How LeBron James is still beating teams, and Father Time

Estimated read time 5 min read

In his 21st NBA season, having become the league’s all-time scoring leader, a four-time champion, and adding every day to his all-time record for most minutes played in regular season and playoff action, there are few experiences LeBron James has missed.

On Thursday, he will be able to check off playing in the semifinals of the NBA’s first in-season tournament, an event that seemed suspiciously hucksterish when it was introduced but has produced games with high drama and playoff-like passion during a time of the season that’s usually sloppy and sleepy.

“You got some of the most alpha-male competitors in the world,” James said Tuesday after the Lakers pulled off an emotional 106-103 victory over the Phoenix Suns in the tournament quarterfinals, “and if you give us an opportunity to play for something meaningful with an incentive, then you’ll get what you’re getting.”

This wasn’t the kind of game usually played on a random Tuesday in December, when most teams are still figuring out who they are and the playoffs seem far away. The fire that ignited the Lakers and the Suns came from more than merely chasing the gilded carrot of the $500,000 promised to each player on the team that wins the tournament.

James, who will turn 39 on Dec. 30, didn’t take over the game and score or assist on the Lakers’ first 19 points of the fourth quarter because he needed the extra check. He’s still driven by pride and has learned to think about the game as well as he plays it, reflected in a historic performance Tuesday.

“I want to continue to defy the odds, continue to have this battle with Father Time that for so long, everybody said, has been undefeated,” he said. “So, I’m trying to give him one loss.”

James played a game-high 40 minutes, scoring a team-high 31 points on a 12-for-25 shooting night that included two of four three-point attempts and hitting five of six free throws. He pulled down eight rebounds, earned 11 assists, and was active and sharp in recording a season-high five steals.

According to the team, he was the first Lakers player with 20 or more points, 10 or more assists and five or more steals in a game since Kobe Bryant against the Clippers on Nov. 17, 2004. He’s also the oldest player to record at least five steals since the stat became official in the 73-74 season, per ESPN Stats and Info.

He also was the first Laker with 30 or more points, 10 or more assists, five or more rebounds and five or more steals since Magic Johnson on April 30, 1989, against Portland.

“I think it’s definitely more mental than physical at this point of my career,” James said of how his ability to dominate a game has evolved over his career. “Just mentally showing up hours and hours and hours before the actual game to start to prepare my mind, body and soul for however many minutes I’m going to play. And commanding the most out of my teammates, commanding the most out of myself and holding everybody accountable including myself.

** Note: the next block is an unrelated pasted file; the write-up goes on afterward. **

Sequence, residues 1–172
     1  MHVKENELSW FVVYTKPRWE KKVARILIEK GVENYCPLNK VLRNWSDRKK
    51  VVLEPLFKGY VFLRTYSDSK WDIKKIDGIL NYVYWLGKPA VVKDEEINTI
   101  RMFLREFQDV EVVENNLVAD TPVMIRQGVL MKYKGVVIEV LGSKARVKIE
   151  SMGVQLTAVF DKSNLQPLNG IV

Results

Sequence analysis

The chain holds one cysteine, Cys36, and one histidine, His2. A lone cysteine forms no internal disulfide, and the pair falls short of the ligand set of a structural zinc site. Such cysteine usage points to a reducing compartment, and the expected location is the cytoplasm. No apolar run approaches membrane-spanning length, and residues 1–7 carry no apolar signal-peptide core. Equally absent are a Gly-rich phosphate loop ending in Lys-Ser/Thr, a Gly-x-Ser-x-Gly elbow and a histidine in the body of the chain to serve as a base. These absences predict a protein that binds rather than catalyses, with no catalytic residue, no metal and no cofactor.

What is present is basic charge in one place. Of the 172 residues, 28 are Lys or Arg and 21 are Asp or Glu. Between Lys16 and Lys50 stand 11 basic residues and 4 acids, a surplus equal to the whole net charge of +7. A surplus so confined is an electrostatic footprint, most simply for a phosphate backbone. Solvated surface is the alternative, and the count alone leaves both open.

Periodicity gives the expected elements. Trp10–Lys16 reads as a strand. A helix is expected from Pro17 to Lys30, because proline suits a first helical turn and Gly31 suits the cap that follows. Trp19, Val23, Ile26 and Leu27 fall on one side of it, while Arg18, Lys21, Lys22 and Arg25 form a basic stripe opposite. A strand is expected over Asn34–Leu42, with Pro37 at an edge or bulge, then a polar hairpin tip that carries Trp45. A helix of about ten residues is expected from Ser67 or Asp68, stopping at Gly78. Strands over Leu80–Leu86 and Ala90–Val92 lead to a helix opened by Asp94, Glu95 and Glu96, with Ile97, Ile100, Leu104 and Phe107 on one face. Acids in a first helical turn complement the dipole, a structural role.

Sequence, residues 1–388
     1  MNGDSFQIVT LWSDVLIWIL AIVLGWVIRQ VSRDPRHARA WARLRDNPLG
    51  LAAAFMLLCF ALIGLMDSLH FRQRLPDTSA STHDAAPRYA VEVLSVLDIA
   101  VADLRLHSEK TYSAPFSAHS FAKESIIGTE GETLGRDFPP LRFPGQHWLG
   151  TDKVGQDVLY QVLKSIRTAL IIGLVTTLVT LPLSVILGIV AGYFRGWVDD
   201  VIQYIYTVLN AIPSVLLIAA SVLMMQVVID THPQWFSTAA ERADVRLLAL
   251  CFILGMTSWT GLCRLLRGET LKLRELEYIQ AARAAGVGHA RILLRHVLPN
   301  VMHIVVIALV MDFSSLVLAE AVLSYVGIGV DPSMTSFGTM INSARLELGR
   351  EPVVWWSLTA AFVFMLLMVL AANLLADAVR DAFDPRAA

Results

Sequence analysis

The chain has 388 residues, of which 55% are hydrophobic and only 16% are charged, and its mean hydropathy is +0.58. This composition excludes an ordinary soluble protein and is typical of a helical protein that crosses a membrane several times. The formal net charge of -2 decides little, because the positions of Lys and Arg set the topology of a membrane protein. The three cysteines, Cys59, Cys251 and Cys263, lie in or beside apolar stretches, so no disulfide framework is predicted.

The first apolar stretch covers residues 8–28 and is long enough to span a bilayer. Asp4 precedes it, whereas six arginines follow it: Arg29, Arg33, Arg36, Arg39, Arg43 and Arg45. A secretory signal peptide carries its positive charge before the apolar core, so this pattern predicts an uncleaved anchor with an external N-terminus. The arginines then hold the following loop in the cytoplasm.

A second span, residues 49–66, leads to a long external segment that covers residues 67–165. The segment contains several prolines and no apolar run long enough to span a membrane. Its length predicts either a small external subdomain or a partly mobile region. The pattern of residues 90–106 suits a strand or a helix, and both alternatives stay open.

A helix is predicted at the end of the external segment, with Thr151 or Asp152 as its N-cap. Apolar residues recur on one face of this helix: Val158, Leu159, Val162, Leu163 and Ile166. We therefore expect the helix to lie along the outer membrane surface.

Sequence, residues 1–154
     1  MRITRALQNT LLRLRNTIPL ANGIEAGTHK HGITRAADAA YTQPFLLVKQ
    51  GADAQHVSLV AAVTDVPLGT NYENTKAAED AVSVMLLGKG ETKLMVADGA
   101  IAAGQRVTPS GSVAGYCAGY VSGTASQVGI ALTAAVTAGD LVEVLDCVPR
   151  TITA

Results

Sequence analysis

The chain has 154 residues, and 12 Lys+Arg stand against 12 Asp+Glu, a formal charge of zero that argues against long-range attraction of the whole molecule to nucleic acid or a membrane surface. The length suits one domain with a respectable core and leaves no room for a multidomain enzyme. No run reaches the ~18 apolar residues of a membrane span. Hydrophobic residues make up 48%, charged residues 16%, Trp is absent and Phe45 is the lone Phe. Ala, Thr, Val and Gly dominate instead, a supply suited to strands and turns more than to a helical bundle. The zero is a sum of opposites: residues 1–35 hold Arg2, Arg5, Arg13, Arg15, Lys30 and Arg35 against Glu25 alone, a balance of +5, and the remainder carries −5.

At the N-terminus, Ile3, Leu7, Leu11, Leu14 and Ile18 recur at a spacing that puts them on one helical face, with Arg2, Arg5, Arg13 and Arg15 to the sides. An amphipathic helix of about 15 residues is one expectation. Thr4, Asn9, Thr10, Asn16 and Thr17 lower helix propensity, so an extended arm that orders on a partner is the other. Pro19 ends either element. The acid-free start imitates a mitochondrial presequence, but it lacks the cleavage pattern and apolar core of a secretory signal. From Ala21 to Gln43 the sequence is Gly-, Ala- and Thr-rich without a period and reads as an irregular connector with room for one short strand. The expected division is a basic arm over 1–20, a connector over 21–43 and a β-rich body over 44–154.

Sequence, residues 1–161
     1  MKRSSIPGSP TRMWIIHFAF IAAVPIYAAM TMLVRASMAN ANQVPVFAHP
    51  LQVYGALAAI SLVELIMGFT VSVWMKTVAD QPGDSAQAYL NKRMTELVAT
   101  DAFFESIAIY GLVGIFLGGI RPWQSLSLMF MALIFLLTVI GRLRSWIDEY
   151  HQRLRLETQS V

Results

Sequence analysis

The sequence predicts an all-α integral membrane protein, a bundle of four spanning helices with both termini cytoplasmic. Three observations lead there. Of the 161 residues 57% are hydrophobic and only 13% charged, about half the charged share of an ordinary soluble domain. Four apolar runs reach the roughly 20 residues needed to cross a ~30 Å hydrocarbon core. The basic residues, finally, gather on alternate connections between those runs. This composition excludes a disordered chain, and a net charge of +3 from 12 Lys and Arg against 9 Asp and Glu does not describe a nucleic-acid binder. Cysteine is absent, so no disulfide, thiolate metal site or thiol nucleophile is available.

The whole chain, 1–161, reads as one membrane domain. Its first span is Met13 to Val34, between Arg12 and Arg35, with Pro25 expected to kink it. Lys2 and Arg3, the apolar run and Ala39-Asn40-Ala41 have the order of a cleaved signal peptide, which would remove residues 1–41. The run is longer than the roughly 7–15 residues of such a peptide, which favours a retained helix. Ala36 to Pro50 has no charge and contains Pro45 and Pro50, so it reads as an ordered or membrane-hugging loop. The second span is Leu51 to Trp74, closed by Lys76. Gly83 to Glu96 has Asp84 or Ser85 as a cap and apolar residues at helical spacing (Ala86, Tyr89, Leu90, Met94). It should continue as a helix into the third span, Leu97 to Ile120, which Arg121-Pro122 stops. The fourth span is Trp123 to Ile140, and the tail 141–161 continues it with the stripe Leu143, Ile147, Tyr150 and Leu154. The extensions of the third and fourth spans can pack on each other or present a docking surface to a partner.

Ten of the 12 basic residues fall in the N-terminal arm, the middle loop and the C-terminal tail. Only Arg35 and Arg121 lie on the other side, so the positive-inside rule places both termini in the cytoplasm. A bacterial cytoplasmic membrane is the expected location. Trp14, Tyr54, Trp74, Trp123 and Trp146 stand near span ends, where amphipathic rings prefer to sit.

“The mental side is definitely the most stressful than the actual body. But like I said, if I continue to keep my mind as fresh as possible, continue to put the work in, then I’ll give myself an opportunity to just, I guess, surprise myself still with what I’m able to do for as long as I’ve been in this league and for as many miles as I’ve put on these tires.”

The “soul” part is intriguing. James said he’s inspired by the close relationship he has with his mother, wife, and three children. Several times during Tuesday’s game he pointed toward the stands to his son Bronny, who is preparing to return to the floor for USC’s basketball team after suffering cardiac arrest in July.

“I think when it comes to soul, I think it’s everything. It’s the energy that you put into it. The energy that you can get from your family members,” James said. “I think it’s just something that’s internal.

“And for me, I think when I have the opportunity, when it comes to the soul, I think my soul is divine in my family. I think about my wife and my mom and my three kids. They kind of generate all that and it makes the mind and the body a lot easier when you have those rocks and those staples at home. It makes it a lot easier.”

The Lakers will face New Orleans Thursday at T-Mobile Arena in Las Vegas in the West semifinal, after the Indiana Pacers face the Milwaukee Bucks in the East semi. The winners will meet for the title Saturday.

Of course, the Lakers’ ultimate goal isn’t to win the NBA Cup — note to commissioner Adam Silver: find a better name for the trophy next season — but winning could be a confidence booster as the Lakers continue to get past injuries and define themselves. Rui Hachimura (nasal fracture) returned Tuesday wearing a protective mask; Jarred Vanderbilt (heel) returned last Saturday.

“It allows you to see early what you’re made of and who can give you what, at what moment, and it’s refreshing to come out on the right side of a game like this,” coach Darvin Ham said of the in-season tournament. “This game had, for the 22nd game of the season, a ton of playoff intensity.”

James knows playoff intensity. The in-season tournament is something different, but the idea is the same. “It’s fun,” he said. For him, that applies as much to battling Father Time as it does to conquering new challenges.

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